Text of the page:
Battle Ground receives $25,000 grant for Computer Integrated Manufacturing at PHS

posted Mar 23, 2017, 12:03 PM by Joe Vajgrt

Battle Ground receives $25,000 grant for Computer Integrated Manufacturing at PHS

March 23, 2017


Battle Ground Public Schools has received a $25,000 grant to purchase new equipment for Prairie High School’s Computer Integrated Manufacturing (CIM) class. The grant is from Project Lead the Way (PLTW), a non-profit organization that provides hands-on curricula in the fields of computer science, engineering, and biomedical science.

The primary goals of PLTW classes are to build enthusiasm while developing in-demand skills and providing students with an opportunity to explore careers through hands-on learning and real-life problem solving. Prairie's CIM course illustrates the opportunities related to manufacturing by teaching students about modern manufacturing processes, product design, robotics, and automation.  

“The Computer Integrated Manufacturing class provides a unique opportunity to prepare students for their next step after high school,” said Cindy Arnold, the district’s director of career and technical education. “This class bridges engineering design with a more traditional shop class, which provides excellent training for the skills required by modern manufacturing jobs.”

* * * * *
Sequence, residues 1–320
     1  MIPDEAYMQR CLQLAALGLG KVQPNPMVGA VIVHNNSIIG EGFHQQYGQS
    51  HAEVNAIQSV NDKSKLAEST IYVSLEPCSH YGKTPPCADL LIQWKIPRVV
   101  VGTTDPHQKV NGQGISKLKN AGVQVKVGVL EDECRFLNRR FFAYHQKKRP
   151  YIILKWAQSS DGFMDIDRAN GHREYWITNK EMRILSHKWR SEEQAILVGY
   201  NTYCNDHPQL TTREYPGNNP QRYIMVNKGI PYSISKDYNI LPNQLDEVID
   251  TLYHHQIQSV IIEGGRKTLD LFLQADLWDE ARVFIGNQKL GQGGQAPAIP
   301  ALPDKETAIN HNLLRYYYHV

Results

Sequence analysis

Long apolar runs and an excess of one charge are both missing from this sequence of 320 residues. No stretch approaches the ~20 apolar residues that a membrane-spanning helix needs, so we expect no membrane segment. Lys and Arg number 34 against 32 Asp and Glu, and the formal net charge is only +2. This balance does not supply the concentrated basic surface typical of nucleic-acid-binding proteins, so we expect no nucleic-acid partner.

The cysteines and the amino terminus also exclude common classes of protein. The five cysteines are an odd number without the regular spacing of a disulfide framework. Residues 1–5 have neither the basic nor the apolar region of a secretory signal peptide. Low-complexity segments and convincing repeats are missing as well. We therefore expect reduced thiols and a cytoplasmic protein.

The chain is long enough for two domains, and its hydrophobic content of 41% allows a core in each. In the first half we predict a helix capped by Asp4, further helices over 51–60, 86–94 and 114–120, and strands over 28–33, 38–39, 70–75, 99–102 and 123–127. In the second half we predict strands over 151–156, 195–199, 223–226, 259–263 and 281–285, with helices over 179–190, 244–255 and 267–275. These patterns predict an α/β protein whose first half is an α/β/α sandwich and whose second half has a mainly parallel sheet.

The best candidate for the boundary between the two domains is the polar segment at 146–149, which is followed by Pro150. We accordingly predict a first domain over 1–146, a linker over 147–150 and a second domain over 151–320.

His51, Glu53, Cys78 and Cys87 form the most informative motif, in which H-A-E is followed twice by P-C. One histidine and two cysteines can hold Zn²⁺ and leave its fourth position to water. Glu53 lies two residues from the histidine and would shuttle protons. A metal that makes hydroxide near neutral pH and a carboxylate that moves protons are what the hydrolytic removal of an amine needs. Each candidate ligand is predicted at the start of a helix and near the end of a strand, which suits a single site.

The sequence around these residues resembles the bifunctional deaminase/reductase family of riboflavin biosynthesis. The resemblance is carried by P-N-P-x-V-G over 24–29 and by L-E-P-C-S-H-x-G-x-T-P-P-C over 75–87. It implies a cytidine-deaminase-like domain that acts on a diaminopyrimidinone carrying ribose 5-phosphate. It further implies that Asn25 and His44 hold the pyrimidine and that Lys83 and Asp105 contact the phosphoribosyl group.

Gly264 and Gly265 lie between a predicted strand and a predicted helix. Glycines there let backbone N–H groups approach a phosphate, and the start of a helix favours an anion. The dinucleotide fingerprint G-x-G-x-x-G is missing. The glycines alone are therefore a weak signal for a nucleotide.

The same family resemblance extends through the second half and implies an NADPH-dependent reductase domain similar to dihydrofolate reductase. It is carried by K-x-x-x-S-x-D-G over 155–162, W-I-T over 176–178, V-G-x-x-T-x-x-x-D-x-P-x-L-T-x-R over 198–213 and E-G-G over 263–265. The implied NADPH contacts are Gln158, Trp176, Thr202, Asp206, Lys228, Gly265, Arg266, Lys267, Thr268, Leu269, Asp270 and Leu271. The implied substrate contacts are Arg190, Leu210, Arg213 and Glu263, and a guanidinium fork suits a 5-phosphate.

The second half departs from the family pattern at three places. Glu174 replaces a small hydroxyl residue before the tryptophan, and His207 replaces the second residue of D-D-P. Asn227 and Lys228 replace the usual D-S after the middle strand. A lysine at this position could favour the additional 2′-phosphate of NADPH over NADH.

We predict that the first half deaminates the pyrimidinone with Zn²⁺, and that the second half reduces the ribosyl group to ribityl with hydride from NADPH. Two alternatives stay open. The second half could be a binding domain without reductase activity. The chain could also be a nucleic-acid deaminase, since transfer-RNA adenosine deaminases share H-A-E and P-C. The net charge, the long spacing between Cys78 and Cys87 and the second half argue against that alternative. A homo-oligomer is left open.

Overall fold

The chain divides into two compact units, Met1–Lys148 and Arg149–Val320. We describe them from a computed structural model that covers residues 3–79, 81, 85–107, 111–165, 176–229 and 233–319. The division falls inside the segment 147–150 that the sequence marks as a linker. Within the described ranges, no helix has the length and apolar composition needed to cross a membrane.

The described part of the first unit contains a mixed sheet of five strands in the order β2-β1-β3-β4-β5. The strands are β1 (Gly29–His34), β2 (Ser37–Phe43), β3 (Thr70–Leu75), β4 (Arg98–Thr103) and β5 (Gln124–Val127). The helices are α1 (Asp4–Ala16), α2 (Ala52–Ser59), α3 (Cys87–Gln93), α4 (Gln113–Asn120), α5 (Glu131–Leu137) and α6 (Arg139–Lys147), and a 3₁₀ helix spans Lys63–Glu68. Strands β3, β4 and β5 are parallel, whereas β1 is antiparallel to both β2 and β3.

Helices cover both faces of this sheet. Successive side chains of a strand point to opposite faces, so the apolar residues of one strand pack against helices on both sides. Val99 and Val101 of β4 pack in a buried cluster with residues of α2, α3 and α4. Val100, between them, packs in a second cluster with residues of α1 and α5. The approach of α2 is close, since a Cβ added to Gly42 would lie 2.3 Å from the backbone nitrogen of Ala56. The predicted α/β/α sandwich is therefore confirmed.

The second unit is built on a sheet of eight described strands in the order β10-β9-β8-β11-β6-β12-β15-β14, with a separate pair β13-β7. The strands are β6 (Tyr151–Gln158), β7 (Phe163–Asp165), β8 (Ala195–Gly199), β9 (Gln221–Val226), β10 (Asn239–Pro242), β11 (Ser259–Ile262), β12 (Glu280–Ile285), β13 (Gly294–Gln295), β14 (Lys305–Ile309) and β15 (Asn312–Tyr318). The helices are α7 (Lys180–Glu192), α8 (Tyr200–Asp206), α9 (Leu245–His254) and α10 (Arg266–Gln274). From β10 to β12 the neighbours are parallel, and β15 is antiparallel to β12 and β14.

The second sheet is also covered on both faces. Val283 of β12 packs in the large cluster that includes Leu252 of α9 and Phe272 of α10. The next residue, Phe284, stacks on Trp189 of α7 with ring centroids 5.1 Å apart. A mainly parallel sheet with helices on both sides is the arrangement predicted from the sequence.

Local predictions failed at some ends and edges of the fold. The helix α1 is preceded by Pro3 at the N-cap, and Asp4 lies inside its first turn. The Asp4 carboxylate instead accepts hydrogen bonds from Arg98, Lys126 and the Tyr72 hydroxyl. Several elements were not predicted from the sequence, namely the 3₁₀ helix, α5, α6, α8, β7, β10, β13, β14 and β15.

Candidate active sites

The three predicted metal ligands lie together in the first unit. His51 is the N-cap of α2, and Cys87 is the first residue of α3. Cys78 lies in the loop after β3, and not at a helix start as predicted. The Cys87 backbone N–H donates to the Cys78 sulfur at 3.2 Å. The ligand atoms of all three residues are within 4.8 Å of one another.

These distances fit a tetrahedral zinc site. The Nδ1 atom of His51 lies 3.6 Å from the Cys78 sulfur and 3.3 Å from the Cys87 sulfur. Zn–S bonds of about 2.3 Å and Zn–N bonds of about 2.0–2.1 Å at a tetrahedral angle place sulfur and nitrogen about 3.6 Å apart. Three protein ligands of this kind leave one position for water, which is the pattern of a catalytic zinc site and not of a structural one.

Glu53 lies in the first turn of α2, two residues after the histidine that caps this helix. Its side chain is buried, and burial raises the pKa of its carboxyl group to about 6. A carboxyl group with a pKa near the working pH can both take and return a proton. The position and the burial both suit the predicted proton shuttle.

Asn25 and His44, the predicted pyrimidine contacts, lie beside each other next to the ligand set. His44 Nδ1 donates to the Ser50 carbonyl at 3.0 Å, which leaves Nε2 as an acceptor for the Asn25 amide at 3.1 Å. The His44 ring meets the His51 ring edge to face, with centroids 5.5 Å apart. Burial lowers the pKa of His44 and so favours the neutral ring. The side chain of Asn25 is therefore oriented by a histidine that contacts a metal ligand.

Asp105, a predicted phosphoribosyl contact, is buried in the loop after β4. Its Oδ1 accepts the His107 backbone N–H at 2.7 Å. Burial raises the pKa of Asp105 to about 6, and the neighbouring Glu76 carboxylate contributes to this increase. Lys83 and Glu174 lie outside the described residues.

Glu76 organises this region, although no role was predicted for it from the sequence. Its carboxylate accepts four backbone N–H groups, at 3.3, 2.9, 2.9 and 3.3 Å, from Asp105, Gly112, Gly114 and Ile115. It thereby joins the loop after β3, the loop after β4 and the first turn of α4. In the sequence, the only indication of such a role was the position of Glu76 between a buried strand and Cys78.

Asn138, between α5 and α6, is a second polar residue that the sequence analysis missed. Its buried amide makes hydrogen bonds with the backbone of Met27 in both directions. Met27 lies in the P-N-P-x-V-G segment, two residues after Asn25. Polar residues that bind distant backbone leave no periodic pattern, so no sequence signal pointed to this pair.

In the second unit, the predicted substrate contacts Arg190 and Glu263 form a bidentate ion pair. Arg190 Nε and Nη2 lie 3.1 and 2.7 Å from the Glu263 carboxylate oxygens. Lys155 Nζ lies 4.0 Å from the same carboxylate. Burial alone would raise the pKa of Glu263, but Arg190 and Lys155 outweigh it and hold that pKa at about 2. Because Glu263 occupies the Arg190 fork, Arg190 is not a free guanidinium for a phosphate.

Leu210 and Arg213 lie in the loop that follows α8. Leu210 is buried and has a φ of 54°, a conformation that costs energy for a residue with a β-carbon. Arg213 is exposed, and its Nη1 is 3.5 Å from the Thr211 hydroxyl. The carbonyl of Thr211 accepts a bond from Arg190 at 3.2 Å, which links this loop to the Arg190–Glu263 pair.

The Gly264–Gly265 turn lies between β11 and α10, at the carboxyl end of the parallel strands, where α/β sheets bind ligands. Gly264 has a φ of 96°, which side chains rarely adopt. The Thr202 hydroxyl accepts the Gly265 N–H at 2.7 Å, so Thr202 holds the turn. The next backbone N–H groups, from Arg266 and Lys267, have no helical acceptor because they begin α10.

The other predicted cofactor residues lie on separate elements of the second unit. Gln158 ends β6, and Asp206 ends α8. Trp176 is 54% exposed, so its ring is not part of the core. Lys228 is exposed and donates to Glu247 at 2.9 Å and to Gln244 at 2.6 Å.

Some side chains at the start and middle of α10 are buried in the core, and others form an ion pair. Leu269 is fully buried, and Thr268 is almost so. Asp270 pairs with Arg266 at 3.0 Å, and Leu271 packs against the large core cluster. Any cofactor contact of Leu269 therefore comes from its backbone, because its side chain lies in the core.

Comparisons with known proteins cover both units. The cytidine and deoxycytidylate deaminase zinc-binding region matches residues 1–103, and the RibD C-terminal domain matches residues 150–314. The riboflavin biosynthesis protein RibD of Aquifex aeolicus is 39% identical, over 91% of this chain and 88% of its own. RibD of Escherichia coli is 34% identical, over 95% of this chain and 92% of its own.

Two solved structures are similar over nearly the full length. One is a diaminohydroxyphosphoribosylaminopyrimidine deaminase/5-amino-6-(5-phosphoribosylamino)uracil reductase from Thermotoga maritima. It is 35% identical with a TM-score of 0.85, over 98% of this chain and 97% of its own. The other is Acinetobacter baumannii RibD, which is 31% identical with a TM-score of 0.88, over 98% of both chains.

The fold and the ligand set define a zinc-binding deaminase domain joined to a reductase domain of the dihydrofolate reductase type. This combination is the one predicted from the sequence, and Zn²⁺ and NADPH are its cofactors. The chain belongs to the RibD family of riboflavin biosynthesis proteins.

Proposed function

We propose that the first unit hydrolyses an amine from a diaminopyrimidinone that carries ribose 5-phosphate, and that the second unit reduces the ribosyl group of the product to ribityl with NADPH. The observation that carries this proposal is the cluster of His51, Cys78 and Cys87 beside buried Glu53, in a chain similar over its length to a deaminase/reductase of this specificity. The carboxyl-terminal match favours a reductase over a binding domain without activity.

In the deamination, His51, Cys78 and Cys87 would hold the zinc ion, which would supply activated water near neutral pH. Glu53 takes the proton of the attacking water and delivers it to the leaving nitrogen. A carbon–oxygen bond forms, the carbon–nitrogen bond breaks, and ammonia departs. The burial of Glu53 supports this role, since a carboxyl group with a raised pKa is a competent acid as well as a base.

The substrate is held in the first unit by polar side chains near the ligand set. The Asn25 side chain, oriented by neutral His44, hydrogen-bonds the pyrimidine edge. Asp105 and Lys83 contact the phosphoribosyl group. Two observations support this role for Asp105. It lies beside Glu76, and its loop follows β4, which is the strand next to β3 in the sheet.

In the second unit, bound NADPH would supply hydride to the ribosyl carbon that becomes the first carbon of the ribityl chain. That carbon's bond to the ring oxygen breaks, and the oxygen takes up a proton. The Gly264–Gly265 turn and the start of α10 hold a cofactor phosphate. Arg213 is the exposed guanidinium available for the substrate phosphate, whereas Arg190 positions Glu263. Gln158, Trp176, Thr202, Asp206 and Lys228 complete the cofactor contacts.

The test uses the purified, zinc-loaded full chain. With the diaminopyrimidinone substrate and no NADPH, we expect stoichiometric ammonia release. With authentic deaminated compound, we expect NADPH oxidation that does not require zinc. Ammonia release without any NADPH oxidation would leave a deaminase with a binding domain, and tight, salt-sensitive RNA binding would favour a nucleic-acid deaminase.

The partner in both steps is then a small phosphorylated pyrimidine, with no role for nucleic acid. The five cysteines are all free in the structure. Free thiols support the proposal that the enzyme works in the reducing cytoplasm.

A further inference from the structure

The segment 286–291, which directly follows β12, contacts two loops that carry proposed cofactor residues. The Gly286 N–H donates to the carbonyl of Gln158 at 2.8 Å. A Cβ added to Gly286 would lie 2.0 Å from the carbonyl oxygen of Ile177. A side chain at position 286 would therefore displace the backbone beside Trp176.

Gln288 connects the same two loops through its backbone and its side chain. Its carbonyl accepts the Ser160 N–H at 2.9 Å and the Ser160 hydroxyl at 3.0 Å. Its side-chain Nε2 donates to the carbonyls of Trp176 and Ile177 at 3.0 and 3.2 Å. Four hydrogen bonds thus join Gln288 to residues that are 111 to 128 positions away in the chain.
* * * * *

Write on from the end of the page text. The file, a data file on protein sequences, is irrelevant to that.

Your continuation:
Students in the CIM class build upon their Computer Aided Design (CAD) experience through the use of Computer Aided Manufacturing (CAM) software. With this software, students import a digital design into a program that a Computer Numerical Controlled (CNC) mill uses to transform a block of raw material into a product designed by a student. Students learn and apply concepts related to integrating robotics, such as Automated Guided Vehicles and robotic arms, into manufacturing systems.

The $25,000 grant will be used to purchase a new CNC mill and robotic arm bundle for PHS, ensuring that the classroom is properly outfitted to fully take advantage of the curriculum. Project Lead the Way was first introduced to the district at the middle school level through Pleasant Valley’s Design and Modeling and Robotics courses. Since then, the district has added PLTW classes at Daybreak and Tukes Valley middle schools, providing a gateway for more students to transition to related high school courses.
PHS teacher Rob Smith has already noticed the difference. “Thanks to the middle school Project Lead the Way classes, incoming freshmen are able to hit the ground running by the time they reach my classroom,” Smith said. “Technology is completely changing what's possible, and no matter whether students are looking to enter the workforce right after graduating high school or plan on going to college, these classes and the equipment provided by the grant will help our students be as prepared and qualified as possible.”

Computer Integrated Manufacturing is the third and most recent PLTW class offered at PHS, joining Introduction to Engineering Design and Principles of Engineering. Students have the option to take Introduction to Engineering Design in place of required fine arts credits, and Principals of Engineering can take the place of physics.

“The next generation of technology and manufacturing jobs requires highly skilled and trained employees,” Smith said. “This grant will help ensure that our students are ready.”


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